These are potentially valuable but most of the comments are rather mundane - helpful, but rarely inspiring. There is a good range of computer program references, suggestions for using graphical calculators and lists of equipment all of which go some way towards encouraging creativity both on the part of the teacher and the pupil.

A great deal of effort has been put into getting a flexible, supportive structure but I remain unenthusiastic about the pupils' texts. Although they are colourful, clear and well illustrated, the actual questions are predominantly short, closed and routine. There is relatively little to prompt discussion, problem solving or deeper thinking. Some teachers may find this reassuring and others will be able to supplement the material but other schemes promote a richer mathematical experience for pupils.

Nuffield National Curriculum Mathematics is different both in design and content. It is intended to provide material for both key stages 3 and 4. At each of the scheme's four stages there are three separate books covering attainment targets 2 to 4: number and algebra; shape, space and measures; and handling data. They are targeted at levels 4, 5, 6 and 7 respectively. A single, longer Stage 5 book covers material from level 8 and above across all attainment targets.

The design does not imply a scheme of work for a department. This would need to be constructed first and the material from the various components of the course mapped onto it. This is likely to involve a class needing access to several books at different times through a term. While some departments will welcome this flexibility, others will prefer a more tightly prescribed teaching programme.

Brief guidance to teachers is provided in an assessment and resource pack for each pupil text. This, again, is limited in scope and does not compare, for example, with the extensive teaching ideas which Nuffield once had in their primary scheme. The pack also includes answers, revision sheets, and a variety of assessment material.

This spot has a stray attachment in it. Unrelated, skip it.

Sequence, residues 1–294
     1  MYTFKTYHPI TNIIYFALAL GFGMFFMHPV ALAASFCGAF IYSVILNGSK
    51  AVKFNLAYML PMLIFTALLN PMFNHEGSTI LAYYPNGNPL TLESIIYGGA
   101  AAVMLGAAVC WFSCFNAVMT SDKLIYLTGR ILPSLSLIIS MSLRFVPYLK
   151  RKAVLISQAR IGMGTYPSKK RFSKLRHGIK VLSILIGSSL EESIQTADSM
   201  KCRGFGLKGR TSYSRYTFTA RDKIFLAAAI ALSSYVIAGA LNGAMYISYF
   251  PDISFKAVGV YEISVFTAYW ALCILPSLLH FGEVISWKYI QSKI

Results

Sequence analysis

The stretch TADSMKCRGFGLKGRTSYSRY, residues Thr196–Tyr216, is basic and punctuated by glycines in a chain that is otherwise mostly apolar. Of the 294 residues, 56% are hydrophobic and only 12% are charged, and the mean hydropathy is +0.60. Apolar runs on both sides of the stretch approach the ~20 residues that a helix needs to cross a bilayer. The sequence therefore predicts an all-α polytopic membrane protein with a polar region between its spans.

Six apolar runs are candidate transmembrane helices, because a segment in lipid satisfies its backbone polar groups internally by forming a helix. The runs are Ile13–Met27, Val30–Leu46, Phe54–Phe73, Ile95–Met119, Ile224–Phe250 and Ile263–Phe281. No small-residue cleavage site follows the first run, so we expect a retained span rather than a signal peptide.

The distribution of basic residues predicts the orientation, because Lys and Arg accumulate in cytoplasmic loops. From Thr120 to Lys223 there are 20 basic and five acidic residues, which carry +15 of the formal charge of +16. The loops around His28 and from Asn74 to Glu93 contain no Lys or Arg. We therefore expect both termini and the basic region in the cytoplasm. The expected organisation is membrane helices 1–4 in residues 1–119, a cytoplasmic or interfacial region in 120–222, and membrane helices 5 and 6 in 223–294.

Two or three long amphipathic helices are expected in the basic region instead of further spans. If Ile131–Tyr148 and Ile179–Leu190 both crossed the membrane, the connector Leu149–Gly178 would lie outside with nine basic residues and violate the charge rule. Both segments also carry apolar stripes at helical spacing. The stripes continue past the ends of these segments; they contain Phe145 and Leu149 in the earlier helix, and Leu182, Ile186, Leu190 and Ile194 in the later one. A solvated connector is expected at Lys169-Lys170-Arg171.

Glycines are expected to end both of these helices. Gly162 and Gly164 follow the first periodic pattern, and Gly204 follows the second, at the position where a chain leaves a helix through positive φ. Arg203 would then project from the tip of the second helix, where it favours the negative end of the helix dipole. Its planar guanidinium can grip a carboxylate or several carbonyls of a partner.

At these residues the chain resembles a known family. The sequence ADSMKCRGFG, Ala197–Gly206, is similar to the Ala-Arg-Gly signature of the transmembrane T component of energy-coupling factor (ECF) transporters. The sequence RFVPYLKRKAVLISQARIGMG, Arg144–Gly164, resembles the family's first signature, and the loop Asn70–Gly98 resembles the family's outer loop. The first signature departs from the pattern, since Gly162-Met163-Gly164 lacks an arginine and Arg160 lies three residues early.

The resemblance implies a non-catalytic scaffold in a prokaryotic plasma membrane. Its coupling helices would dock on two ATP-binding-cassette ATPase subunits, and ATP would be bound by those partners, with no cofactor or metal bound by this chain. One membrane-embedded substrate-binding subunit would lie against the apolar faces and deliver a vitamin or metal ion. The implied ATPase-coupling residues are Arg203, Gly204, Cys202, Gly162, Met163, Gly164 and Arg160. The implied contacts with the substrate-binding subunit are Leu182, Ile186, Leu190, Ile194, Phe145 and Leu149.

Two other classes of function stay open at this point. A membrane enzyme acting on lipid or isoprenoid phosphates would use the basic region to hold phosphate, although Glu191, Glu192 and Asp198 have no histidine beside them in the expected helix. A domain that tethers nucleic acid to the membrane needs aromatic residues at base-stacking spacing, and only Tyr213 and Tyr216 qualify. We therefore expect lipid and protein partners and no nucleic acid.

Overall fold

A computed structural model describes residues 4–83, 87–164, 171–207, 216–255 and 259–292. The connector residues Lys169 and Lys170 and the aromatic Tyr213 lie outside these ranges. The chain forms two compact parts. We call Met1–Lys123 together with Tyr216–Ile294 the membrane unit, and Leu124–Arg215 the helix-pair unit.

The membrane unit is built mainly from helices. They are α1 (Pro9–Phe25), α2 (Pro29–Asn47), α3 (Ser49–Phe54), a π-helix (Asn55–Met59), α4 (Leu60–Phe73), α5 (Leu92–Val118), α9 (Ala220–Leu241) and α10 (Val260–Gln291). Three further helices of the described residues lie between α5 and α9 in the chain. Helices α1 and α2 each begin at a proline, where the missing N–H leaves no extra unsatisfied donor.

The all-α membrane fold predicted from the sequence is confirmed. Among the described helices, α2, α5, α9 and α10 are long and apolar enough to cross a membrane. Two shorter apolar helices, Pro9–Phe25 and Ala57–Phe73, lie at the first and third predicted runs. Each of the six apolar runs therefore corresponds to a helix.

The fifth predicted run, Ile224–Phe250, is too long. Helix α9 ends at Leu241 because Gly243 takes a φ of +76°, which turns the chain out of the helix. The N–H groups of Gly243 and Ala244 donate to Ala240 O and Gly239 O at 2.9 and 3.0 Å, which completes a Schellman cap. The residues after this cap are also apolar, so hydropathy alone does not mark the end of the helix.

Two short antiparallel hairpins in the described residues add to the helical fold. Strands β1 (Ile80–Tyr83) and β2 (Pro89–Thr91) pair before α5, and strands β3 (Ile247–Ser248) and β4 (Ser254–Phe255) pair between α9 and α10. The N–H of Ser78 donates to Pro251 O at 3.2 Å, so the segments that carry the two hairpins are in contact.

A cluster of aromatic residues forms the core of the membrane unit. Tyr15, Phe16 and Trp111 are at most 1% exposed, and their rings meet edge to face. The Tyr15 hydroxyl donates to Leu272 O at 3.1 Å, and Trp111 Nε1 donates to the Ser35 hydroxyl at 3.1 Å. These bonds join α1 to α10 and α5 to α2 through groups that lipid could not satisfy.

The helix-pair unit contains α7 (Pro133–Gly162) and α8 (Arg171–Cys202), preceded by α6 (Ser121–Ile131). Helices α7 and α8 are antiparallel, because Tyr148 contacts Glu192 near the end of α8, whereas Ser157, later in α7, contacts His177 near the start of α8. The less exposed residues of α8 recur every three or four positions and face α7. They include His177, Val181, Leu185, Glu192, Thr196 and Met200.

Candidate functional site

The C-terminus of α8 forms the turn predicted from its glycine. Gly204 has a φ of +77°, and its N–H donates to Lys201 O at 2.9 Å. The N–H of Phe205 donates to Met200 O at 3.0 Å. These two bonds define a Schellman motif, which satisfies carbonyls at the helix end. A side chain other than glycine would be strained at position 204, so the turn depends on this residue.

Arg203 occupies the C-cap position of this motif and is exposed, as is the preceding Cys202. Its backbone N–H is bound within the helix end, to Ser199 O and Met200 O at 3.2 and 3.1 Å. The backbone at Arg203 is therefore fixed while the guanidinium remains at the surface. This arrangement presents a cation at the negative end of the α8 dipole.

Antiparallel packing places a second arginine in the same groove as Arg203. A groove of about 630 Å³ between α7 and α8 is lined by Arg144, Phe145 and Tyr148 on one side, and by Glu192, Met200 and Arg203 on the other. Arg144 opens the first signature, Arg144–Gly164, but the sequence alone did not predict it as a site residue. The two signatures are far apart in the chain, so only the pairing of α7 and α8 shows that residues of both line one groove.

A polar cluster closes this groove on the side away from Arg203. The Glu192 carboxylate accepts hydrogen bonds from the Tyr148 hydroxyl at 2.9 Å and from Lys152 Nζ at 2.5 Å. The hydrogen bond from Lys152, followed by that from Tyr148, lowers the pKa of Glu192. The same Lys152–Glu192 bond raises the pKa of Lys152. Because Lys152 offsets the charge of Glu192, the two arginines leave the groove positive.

Again, the pupils' texts are well presented. I like the introductions to topics which are more discursive than in many books, while remaining accessible to pupils. The exercises are mainly standard in format but there are more regular questions demanding reflection, justification and explanation.

There is an attempt to engage the pupils by linking questions to real situations. So, for example, pupils are instructed to find the exchange rate for the US dollar from Teletext or a newspaper rather than to work from an out of date rate. Not earth-shattering, but a flavour of the style. Overall, the pupils' books are a strength of the scheme.

Whatever resources a school uses, teachers still have a major role in planning the scheme of work, enhancing classroom activities and identifying individual needs. While each of these schemes helps in different ways and both have strengths which will appeal to different groups of teachers, a clear message is that neither of them can provide a complete solution.